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    1823/2 Quarter, B-1, XF45
    The H.O. Granberg Example
    Browning Plate Coin

    1823/2 25C B-1, High R.5, XF45 PCGS. Ex: Browning Plate Coin. A famous rarity in the Bust quarter series, the 1923/2 quarter only grows in stature with the passing of time. The exhaustive Rea-Tompkins-Davis-Logan pictorial Census illustrates 30 individual examples, and while there have been a few grade changes since Early Quarters of the Untied States Mint was published, notably few appearances are seen of examples in any grade, and virtually no new coins have emerged.

    That all changed when our Eugene Gardner auctions included two fantastic 1823/2 quarters -- one a magnificent, unique proof, and the other a prooflike Mint State circulation strike (the two finest 1823/2 quarters known). Then in 2015, the D. Brent Pogue coin came to market, a beautiful near-Mint coin, and suddenly three of the top 1823/2 quarters had changed hands, an almost unbelievable sequence of events.

    The Pogue sale cataloger noted, "The Granberg coin, untraced in recent decades, is EF and listed as eighth finest known." So perhaps it is no surprise to see that very coin offered here, in only its second appearance at public auction in 85+ years. Now certified XF45 PCGS, this beautifully pedigreed coin moves up in the Census one or two notches and is currently the fourth-finest example certified by PCGS (7/21).

    The pedigree of this coin is indeed formidable. It boasts an early history that includes George S. Seavey circa 1873, the Parmelee Collection, and a 1914 appearance at H.O. Granberg's 1914 ANS exhibit. Famously, this is the Browning plate coin, later listed by Waldo Newcomer in a 1932 edition of The Numismatist and in Louis R. Hemmer's 1935 Premium List.

    As the Browning plate coin, this example has been known over the years for its smooth and nearly mark-free surfaces. The coin remains so today, with a pleasing silver-gray obverse framed by traces of bluish-gray patina and ivory-gray high points. The reverse retains vestiges of mint luster, with golden highlights and faint blue accents. Marks are limited to a couple of tiny nicks on Liberty's neck and a pair of exceedingly minor obverse rim indents -- one near star 6, the other closest to star 8. A few traces of mint grime remain on each side. The strike is sharp for the dies, which show signs of Chief Engraver Robert Scot's declining health. In particular, the 1823 reverse working die was incomplete at the eagle's left (facing) talons and at the upper and lowest arrowheads. John Reich's original master dies remained in service from 1815 to 1828, showing areas of unrepaired deterioration.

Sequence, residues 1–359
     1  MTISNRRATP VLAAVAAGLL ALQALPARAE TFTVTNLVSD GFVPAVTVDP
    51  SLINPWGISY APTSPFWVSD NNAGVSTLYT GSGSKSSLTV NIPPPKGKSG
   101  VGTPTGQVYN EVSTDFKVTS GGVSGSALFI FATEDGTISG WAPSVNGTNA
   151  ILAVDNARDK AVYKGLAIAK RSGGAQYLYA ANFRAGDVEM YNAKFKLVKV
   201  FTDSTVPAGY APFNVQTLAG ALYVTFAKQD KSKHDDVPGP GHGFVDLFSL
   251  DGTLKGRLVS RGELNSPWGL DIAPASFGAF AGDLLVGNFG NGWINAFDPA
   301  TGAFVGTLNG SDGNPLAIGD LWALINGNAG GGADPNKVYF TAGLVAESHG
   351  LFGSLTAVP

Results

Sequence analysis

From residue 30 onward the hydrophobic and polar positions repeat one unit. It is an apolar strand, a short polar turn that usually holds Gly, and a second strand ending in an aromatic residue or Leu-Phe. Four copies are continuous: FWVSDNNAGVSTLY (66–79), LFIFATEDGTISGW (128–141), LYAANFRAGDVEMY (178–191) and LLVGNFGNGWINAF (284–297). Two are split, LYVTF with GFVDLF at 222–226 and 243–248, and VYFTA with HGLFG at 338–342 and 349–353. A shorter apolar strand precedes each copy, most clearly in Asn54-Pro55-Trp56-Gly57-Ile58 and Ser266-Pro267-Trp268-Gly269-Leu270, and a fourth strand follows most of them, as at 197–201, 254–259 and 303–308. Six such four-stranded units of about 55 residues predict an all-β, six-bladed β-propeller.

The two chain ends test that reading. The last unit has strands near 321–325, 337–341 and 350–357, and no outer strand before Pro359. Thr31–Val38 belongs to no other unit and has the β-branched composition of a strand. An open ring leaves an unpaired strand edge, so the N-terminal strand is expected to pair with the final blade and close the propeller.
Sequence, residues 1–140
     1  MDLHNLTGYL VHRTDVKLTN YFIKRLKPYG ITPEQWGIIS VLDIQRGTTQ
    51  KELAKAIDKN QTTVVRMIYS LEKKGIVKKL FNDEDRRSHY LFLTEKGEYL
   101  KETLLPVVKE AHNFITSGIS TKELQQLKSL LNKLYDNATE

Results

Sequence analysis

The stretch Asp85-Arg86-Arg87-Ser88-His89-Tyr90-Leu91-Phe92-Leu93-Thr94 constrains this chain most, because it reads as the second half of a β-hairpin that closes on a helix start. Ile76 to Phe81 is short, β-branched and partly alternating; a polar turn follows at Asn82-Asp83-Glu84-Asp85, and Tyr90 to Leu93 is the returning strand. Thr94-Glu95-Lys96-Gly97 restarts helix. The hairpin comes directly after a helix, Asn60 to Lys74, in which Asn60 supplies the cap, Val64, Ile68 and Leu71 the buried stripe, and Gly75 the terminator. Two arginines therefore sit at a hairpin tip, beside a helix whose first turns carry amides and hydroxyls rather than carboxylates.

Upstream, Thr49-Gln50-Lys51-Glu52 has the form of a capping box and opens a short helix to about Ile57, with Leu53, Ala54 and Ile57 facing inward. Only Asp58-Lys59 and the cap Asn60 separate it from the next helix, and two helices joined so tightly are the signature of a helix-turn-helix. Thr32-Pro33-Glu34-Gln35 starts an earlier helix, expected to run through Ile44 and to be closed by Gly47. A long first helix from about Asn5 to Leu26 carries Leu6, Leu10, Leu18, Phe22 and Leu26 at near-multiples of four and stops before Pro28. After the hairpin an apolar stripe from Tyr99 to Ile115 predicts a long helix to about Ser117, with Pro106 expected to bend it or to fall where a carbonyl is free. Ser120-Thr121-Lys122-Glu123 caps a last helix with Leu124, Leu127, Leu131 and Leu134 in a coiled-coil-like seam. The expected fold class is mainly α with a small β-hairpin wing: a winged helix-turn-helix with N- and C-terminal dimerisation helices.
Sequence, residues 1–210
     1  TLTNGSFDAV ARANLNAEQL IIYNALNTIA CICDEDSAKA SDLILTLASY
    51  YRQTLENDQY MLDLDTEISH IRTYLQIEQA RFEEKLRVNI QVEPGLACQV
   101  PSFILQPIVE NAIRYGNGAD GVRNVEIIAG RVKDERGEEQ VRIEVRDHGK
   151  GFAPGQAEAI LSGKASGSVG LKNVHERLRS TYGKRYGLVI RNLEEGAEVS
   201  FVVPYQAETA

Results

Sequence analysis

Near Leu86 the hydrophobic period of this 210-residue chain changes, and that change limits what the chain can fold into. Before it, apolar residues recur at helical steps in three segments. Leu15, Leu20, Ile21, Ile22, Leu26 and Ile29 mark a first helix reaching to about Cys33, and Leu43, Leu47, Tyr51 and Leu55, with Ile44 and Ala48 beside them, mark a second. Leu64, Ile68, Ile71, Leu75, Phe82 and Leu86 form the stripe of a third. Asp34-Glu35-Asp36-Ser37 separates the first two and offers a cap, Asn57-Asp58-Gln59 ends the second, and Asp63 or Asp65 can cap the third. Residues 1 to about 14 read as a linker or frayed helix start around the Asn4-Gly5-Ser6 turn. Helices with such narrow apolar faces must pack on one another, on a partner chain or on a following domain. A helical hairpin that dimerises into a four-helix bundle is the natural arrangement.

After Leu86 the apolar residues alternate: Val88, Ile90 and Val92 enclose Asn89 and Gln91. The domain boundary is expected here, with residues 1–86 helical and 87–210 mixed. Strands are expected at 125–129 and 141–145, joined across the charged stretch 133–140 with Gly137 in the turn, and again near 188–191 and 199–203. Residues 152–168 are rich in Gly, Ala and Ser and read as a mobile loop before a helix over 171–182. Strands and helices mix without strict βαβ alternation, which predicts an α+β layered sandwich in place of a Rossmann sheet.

The 1823/2 mintage is an enigma, although discussed at length by researchers and series specialists. The figure currently listed in the Guide Book is 17,800 pieces, which seems much too high given the estimated 30 to 35 surviving pieces -- nearly all of which are well-documented. Steve M. Tompkins theorizes that the actual 1823/2 mintage was 1,800 pieces, matching delivery warrant #907. If the December 31 delivery warrant #935 consisted of 16,000 1824-dated pieces, the numbers seem to satisfy all scenarios for the 1822 to 1824 period.
    We have to believe the recent and fortunate parade of exceptional 1823/2 quarters will soon end, and the issue will revert to its usual pattern of only an occasional, lower-grade piece available at auction. All astute collectors and Bust quarter specialists will be wise to take that likelihood into account, and bid accordingly.

    Coin Index Numbers: (NGC ID# 23RP, Variety PCGS# 38971, Base PCGS# 5334)

    Weight: 6.74 grams

    Metal: 89.24% Silver, 10.76% Copper

    View Certification Details from PCGS

    Auction Info

    Auction Dates
    August, 2021
    18th-22nd Wednesday-Sunday
    Bids + Registered Phone Bidders: 25
    Lot Tracking Activity: N/A
    Page Views: 680

    Buyer's Premium per Lot:
    20% of the successful bid (minimum $19) per lot.

    Sold on Aug 18, 2021 for: Sign-in or Join (free & quick)
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